When you click on a staff member, you’ll be taken to a screen that allows you to edit some basic information for that staff member. For instance, you can choose whether or not the staff members bookable. You can also specify that person’s working hours, and you can even prevent double-booking by taking the person’s Office calendar into account when determining their availability.

Configuring the booking page

The next thing that I recommend configuring is the booking page. The booking page is a special webpage that customers can use to book appointments with members of your staff. You can integrate the booking page into your organization’s website, thereby giving your customers an easy way to book appointments.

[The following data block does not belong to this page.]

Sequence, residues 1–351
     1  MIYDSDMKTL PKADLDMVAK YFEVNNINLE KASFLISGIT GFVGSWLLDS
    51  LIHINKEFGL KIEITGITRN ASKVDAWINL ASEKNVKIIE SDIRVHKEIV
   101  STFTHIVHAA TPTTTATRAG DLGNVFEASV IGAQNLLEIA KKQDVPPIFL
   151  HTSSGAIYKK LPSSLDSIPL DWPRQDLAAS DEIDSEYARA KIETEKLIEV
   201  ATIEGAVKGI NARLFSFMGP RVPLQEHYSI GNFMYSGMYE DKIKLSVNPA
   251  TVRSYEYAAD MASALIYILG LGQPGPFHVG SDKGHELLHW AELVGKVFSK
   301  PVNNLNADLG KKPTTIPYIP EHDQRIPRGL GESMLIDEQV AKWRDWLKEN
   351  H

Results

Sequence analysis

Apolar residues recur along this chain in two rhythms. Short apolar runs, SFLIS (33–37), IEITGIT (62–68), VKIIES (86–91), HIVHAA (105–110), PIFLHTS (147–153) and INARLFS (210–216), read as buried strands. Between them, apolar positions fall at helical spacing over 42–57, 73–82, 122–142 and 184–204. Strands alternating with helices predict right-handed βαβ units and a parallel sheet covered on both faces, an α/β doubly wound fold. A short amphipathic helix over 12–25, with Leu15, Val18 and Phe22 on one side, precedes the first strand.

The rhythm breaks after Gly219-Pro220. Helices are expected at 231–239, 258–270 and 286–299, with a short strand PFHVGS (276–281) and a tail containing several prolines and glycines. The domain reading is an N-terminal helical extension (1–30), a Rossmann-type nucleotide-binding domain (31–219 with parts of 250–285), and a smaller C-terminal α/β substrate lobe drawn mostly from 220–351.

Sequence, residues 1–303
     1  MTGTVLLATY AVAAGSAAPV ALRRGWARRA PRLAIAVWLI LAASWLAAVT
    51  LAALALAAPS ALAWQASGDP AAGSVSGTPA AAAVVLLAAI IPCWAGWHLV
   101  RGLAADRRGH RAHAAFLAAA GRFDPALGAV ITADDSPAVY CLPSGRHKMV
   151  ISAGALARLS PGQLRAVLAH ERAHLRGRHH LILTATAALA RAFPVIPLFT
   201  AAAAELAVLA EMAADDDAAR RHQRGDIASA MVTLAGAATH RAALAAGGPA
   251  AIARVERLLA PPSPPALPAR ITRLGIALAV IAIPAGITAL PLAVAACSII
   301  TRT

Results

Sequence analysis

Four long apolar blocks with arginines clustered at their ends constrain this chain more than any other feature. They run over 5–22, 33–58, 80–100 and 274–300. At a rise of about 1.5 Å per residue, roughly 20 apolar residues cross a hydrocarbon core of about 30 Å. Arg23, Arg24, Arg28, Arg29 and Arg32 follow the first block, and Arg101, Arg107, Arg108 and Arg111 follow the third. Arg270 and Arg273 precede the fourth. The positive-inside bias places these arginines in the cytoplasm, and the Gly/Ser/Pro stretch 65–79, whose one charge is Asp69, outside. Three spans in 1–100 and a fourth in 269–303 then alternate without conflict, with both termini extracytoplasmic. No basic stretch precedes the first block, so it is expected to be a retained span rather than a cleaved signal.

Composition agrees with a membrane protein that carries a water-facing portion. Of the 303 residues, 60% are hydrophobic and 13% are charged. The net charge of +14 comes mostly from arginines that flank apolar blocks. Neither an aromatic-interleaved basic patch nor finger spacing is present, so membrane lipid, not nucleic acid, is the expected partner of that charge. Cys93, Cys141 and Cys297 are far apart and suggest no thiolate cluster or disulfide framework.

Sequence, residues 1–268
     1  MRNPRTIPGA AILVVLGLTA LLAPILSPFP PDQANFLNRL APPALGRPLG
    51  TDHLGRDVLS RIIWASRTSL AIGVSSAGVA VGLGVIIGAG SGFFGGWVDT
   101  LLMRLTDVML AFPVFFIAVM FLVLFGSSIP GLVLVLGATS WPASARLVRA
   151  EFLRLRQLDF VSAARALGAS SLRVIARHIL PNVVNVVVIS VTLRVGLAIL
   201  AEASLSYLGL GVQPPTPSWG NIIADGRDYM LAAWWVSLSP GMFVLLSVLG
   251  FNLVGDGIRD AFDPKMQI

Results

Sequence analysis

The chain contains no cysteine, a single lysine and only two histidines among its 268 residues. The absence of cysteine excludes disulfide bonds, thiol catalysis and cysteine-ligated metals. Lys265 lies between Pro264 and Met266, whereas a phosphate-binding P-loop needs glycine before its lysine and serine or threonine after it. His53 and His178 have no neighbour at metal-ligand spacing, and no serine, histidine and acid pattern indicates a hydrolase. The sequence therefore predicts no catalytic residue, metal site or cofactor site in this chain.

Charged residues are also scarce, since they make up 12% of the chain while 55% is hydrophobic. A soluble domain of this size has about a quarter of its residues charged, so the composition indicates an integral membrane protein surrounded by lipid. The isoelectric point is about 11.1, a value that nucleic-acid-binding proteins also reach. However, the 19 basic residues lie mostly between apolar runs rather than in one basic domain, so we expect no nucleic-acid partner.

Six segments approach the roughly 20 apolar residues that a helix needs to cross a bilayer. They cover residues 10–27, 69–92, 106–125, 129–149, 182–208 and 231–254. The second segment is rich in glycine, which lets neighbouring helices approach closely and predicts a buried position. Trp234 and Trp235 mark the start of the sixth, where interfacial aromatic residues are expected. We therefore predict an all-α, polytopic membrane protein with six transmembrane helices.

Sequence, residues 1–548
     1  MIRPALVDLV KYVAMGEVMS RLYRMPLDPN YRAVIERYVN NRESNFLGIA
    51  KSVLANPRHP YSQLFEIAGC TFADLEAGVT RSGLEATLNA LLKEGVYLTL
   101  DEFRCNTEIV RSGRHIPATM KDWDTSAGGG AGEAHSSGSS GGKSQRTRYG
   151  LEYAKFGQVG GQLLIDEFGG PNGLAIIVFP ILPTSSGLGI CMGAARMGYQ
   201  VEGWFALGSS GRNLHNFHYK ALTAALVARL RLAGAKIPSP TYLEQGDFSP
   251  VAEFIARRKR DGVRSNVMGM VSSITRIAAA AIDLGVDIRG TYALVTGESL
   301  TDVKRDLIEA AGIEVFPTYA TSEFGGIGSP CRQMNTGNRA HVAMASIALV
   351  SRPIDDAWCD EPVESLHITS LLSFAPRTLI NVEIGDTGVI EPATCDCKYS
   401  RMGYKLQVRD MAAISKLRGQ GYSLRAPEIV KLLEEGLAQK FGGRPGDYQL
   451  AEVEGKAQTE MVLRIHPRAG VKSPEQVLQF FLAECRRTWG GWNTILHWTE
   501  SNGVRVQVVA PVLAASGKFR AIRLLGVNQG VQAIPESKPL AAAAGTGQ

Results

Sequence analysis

The booking page tab includes various settings that allow you to control the look, feel, and behavior of the booking page. For example, you can choose whether you want to require customers to have a Microsoft 365 account to book an appointment. Requiring such an account might cause some customers not to be able to book an appointment, but it can also help to prevent the booking calendar from being abused by spammers or competitors.

This tab also contains an option that you can use to disable search indexing of the booking page. Additionally, you can configure things like calendar time increments and the maximum and minimum lead time for bookings and cancellations. Incidentally, your booking page won’t be made public until you click the Save and Publish link.


One more thing that you’ll need to check out is the Services tab. The Services tab allows you to specify the services that your business offers. If, for example, you are operating a hair salon, then you might offer services such as haircuts or stylings.